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Real estate transformation and revitalisation

General planning for existing buildings

Building transformation - alternative to demolition and new construction

The transformation of existing buildings is one of the top issues of the coming decades! Social change in the areas of work, mobility, and retail requires all market participants in the property industry to rethink how they deal with their building stock to avoid stranded assets.

By Michael Sommer, Architect, CANZLER GmbH

Transformation in the building stock

Avoid stranded assets!

According to statistics from the Federation of German Industries, over 70 % of buildings in Germany are more than 30 years old. Around 65% of facades are uninsulated and a further 20% of buildings are no longer state of the art. Buildings with high CO2 emissions lose a lot of their value and can no longer be sold on the commercial property market, making them stranded assets. Environmental risks such as ecological challenges, new government regulations or changing social standards can cause existing users to move away.

Avoiding vacancies, increasing requirements for sustainable building concepts and achieving climate targets as part of the EU taxonomy and ESG criteria are therefore increasingly determining the actions of property and finance industry players. Classic transformation properties include, in particular, the conversion and subsequent use of office buildings, shopping centres and factory buildings. The conversion of single-used buildings into mixed-used buildings often enhances the surrounding area in terms of urban development and architecture and makes a significant contribution to urban regeneration.

Circular economy as a driver

In the transformation of buildings that are no longer required for operational purposes, the conservation of resources and reusability of building materials are becoming increasingly important in terms of the circular economy. Scarce availability of raw materials and rising producer prices are also considered significant drivers for focussing on existing buildings. Added to this are the rising costs of demolition and disposal, which provide good arguments in favour of reusing existing buildings. There are already many positive examples of buildings being used as a source of materials, dismantled and reused with certificates. The production of concrete alone is responsible for 8% of global annual carbon dioxide emissions.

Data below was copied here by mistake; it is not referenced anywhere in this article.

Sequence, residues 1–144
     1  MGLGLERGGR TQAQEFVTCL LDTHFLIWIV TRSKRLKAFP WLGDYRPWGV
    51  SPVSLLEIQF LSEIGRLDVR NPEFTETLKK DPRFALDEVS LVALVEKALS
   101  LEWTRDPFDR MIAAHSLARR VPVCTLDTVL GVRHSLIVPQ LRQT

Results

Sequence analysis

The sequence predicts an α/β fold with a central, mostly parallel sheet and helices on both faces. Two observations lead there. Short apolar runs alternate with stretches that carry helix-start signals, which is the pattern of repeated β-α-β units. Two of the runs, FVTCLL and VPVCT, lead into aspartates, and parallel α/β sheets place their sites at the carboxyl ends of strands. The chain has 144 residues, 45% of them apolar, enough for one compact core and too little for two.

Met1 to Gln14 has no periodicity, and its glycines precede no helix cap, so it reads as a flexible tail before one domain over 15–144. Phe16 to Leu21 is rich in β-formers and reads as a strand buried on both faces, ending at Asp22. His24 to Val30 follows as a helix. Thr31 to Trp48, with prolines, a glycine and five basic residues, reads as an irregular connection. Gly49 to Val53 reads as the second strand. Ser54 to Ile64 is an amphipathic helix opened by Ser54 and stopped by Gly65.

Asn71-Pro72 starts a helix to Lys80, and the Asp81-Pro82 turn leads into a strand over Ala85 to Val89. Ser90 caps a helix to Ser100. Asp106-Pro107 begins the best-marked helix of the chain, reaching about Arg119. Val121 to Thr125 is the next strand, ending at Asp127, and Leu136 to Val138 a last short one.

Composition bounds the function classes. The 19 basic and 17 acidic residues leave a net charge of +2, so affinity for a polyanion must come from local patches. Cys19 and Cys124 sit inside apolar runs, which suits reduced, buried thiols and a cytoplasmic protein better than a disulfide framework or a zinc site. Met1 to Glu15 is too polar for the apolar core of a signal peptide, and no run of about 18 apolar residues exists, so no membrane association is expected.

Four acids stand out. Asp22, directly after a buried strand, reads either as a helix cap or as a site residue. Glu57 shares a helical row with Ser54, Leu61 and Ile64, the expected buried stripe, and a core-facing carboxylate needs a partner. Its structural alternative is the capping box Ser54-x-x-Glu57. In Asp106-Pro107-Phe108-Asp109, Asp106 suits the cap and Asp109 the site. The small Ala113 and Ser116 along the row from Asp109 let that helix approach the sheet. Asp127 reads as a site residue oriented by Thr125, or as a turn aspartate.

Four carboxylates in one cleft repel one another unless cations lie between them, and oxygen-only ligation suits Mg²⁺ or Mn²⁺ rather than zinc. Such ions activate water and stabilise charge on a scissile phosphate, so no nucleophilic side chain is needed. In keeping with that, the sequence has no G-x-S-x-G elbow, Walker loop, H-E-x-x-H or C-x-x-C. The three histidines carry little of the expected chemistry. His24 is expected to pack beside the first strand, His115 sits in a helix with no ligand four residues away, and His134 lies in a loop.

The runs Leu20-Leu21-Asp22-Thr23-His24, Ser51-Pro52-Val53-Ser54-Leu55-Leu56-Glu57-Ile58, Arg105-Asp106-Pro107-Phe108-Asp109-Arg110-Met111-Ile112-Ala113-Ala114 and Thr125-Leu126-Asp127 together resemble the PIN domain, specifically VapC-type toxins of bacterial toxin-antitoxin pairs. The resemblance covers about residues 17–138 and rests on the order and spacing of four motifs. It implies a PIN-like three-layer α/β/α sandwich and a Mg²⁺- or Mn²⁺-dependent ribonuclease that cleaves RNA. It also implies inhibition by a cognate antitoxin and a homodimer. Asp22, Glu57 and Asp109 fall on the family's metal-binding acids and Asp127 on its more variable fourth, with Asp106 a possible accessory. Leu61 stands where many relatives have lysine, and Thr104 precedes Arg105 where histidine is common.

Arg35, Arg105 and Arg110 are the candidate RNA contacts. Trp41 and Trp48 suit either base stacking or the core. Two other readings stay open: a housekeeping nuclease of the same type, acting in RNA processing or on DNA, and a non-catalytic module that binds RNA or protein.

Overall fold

Users want flexibility and sustainable operation

When it comes to revitalisation, however, property owners and users face particular challenges. Increases in income and value, as well as rental price stability, must be harmonised with requirements for sustainability, flexibility and high-quality fittings.

There is a particular need for action if user requirements change or the size or technical/constructional standard is no longer up to date. The demand for environmentally friendly technologies in building operation and changes in user behaviour have an impact on both investments and future tenancies. For example, users are paying more attention to sustainable building operation, building products used and the possibility of adapting existing room structures to the changing world of work and new technologies. At the same time, property owners need to keep an eye on the limited useful life of building components and the stringent requirements for preventive fire protection.


Portfolio development along the CREM path

It is advisable to monitor CO₂ pricing and the CREM (Carbon Risk Real Estate Monitor) pathway during transformation processes and to align all measures with the targets and their achievability. The building stock in particular offers great potential for decarbonisation, as properties in the EU consume around 38% of energy and cause 29% of all greenhouse gas emissions. An effective lever for reducing climate-damaging CO₂ emissions in buildings is the increased use of renewable energy sources and the conversion to more efficient technologies in order to reduce energy consumption.

With the transformation and revitalisation of existing buildings, it is possible to guarantee high earnings security and increase the value of the property for the entire life cycle with sustainable usage concepts and the lowest possible CO2 emissions.

The aim is to sustainably reorganise properties threatened by vacancy through technical, structural, functional and, finally, design measures.


Competent partner throughout the entire life cycle of the property

The transformation and revitalisation of properties is a complex process that requires a high level of experience and expertise. CANZLER has been supporting investors and portfolio holders in the repositioning of existing properties for over 20 years - from project initiation to project realisation and commissioning management. Complex challenges often arise at the beginning of a project development in existing buildings: In addition to evaluating the load-bearing structure and building structure, comprehensive knowledge of fire protection, building law and a wide range of standards must be considered. To be able to implement resource-saving energy concepts, the entire technical building equipment and the site conditions must be considered.


Illustrations: private